The most-viewed photo of all time?

Photo © Charles O’Rear

Is This the Most-Viewed Photo of All Time? (Mashable)

7 Lighting Tips for Shooting Video with Digital SLRs (PDN)

Advertising Standards Authority bans two Channel 4 ‘gypsy’ ads (BJP) ‘The ASA has banned two Channel 4 ads used to promote its hit show, My Big Fat Gypsy Wedding. BJP speaks to the author of the photographs featured in the ads’

Greg Funnell: Assignment: A look at the thought process behind a shoot (Photographer’s blog)

Dos and Don’ts: Writing a Photographer Bio (PetaPixel)

To finish off… 52 Worst Photoshop Mistakes In Magazines

Awards, Grants, and Competitions | Deadlines and Recipients | September 2012

Deadlines

Lens Culture International Exposure Awards : September 18

Format Festival 2013 : September 19

Portrait Salon : September 21

Magnum Showcase in association with IdeasTap : September 24

Carmignac Gestion Photojournalism Award : September 30

Marie Colvin Scholarship opportunity at Sunday Times Magazine… NB for writers

Marie Colvin. Photo © Ivor Prickett

Marie Colvin Scholarship : September 30

BJP’s 2012 International Photography Award : October 1

Photo © Alice Smeets
Unicef Photo of The Year 2008

Unicef Photo of the Year : NB photographers have to be nominated but you can get in touch with nominators in the hope of your work being put forward to the judging panel. Some of the nominators are Sherri Dougherty, and photographers Patrick Brown and James Whitlow Delano. You can send a sample of a maximum of 15 light jpeg files (72 dpi; 1200 pixels on the longest side) for consideration in a zip file via We Transfer, to one of the three. Emails: [email protected][email protected] ;[email protected]   : October 3

College Photographer of the Year : October 7

International Prize of Humanitarian Photography Luis Valtueña : October 31

Conscientious Portfolio Competition 2012 : October 31

PhotoPhilanthropy Activist Awards : November 1

Pikto Top Pick Photo Contest : November 1

Aftermath Project grant : November 5

Prix Lucas Dolega to honor photojournalists who have reported under difficult circumstanstances in memory of photographer Lucas Dolega (1978-2011) who died in 2011 covering the Arab Spring in Tunisia.

Prix Lucas Dolega : November 15

Terry O’Neill/Tag Award 2012 : November 22

The Magnum Expression Award : February 23, 2013

The Inquisitive Photography Prize

Recipients

Stephanie Sinclair was presented with unprecedented third Visa d’Or Prize at Visa pour l’image in the beginning of September for her Child Brides project. The series was partly shot for the National Geographic… You can see the NGM feature from the June 2011 issue here.

Photo © Stephanie Sinclair

Stephanie Sinclair wins third Visa d’Or prize (BJP) | Stephanie Sinclair Honored Again at Perpignan Festival (NYT Lens)

The above links also include info on the other Visa pour l’image winners: Visa d’Or news award to Eric Bouvet for his coverage from Bab al-Azizia, Libya, for Le Figaro Magazine; Visa d’Or daily press award to Tomas Munita for his photographs of the conflict in Syria for The New York Times; City of Perpignan Rémi Ochlik Award to Sebastian Liste for his photographs of a community of squatters living in an abandoned chocolate factory in the center of Salvador de Bahia, Brazil; Prix Ani to Misha Friedman for his report on tuberculosis in the former Soviet Union ; Pierre & Alexandra Boulat Grant to Maciek Nabrdalik for his for report on economic migration in Europe; and Canon Female Photojournalist Award to Sarah Caron. Congratulations to all.

Getty Image handed out four $20,000 grants during Visa pour l’image…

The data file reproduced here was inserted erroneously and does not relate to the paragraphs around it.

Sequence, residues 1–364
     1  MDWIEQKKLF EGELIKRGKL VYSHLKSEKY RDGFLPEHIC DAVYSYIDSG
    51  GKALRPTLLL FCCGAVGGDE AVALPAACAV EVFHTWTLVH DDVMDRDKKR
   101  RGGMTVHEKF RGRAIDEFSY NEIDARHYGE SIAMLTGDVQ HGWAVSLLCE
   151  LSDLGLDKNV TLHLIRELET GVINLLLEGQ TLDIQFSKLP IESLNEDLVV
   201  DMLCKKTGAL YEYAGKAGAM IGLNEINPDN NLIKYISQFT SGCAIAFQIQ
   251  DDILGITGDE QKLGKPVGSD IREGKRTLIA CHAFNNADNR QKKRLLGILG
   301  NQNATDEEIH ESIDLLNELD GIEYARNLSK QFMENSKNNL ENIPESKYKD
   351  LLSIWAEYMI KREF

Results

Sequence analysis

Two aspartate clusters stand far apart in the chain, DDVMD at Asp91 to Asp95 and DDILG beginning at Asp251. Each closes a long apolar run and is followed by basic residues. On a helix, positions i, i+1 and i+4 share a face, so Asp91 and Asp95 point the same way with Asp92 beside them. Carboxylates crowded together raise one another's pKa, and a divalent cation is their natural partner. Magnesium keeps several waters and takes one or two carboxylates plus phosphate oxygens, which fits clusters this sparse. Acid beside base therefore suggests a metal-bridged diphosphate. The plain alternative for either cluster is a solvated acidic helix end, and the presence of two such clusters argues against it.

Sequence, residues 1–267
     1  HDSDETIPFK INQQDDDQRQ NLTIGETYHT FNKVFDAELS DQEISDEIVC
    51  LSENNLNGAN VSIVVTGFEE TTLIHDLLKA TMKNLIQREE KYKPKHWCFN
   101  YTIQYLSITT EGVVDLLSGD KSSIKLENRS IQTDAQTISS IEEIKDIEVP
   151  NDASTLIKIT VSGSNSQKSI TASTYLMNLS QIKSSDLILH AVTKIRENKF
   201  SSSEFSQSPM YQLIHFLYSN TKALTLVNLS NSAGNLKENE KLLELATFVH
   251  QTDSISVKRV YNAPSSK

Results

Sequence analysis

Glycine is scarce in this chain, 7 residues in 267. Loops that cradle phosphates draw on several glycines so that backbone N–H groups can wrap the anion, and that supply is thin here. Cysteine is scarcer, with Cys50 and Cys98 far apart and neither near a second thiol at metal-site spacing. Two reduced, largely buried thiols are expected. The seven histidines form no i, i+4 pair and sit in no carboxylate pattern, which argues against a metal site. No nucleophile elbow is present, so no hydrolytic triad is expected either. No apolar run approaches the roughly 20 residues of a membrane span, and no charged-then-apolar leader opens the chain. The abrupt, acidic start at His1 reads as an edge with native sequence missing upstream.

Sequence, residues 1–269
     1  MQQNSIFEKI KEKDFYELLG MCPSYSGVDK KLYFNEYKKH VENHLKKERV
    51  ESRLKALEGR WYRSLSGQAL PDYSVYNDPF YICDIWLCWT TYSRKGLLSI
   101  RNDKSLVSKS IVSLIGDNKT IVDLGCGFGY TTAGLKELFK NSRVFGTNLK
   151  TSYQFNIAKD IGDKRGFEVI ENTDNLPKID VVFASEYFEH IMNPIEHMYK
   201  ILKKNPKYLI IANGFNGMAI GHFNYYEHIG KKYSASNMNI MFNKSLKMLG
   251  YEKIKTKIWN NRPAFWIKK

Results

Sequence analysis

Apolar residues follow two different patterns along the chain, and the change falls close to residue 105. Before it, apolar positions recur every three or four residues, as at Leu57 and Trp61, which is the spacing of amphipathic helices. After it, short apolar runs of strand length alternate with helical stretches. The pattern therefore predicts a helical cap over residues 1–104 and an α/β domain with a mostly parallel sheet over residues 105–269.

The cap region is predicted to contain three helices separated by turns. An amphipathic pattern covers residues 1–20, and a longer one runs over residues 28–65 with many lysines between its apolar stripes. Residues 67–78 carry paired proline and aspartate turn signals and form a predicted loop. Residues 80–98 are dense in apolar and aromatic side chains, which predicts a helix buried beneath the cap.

Photo © Bharat Choudhary

Getty Awards $80,000 to Four Photojournalists at Perpignan (Lightbox) | Getty Images awards $80,000 worth of grants to four photojournalists (BJP)

Alexia Foundation Women’s Initiative Grant Winner: Tim Matsui

Joel Meyerowitz, David LaChapelle Among This Year’s Lucie Award Honorees (Mediabistro)

The New York Photo Awards 2012 Finalists

International Photography Awards 2012 Winners

Guardian gallery to Taylor Wessing shortlisted four and couple of the other exhibited portraits…

Photo © Jordi Ruiz Cirera

Taylor Wessing photographic portrait prize 2012 shortlisted (Guardian)

Firecracker Grant recipient

The Royal Photographic Society Annual Awards | more info (pdf)

Getty Awards $80,000 to Four Photojournalists at Perpignan

On Thursday, Getty Images awarded $80,000 in grants supporting the work of four international photojournalists. Bharat Choudhary, Kosuke Okahara, Paolo Marchetti and Sebastian Liste each received $20,000 prizes and editorial support as winners of the 2012 Getty Grants for Editorial Photography. An additional $20,000 was also pledged to the Chris Hondros Fund in order to further support photojournalism and public awareness initiatives through an award given to Andrea Bruce and Dominic Bracco in June.

Announced at Visa pour l’Image, the annual festival of photojournalism held in Perpignan, France, the grants—first established in 2004—aim to “enable emerging and established photojournalists to pursue projects of personal and editorial merit, focusing attention on significant social and cultural issues.”

This year’s panel of judges, including Whitney Johnson (Director of Photography, The New Yorker), Jean-Francois Leroy (Director, Visa pour l’Image), Barbara Griffin (Turner Broadcasting Systems), Kira Pollack (Director of Photography, TIME) and photographer Stephanie Sinclair, sorted through 328 story proposals from 60 countries, eventually narrowing in on four projects. According to Aidan Sullivan, Vice President of Assignments at Getty, these four winning projects “deal with a range of compelling and multifaceted issues, from the devastation caused by the Japanese natural disasters to modern day slavery in Brazil.”

Bharat Choudhary, an Indian photographer based in London, was recognized for his project, The Silence of Others, which aims to explore the societal and cultural alienation of Muslim youth in France. His project initially began two years ago by examining the ‘Islamophobia’ of aspects of American and British life. The grant will allow Choudhary to continue his project, delving further into specific triggers inherent to French society.

Four years ago, Paolo Marchetti began FEVER – The Awakening of European Fascism after noticing a resurgence of interest in extreme right-wing politics. The Rome-based photographer has documented the exponential growth of citizens fleeing their own country in the wake of the Arab Spring. Marchetti will expand the project to other European countries with the award funds.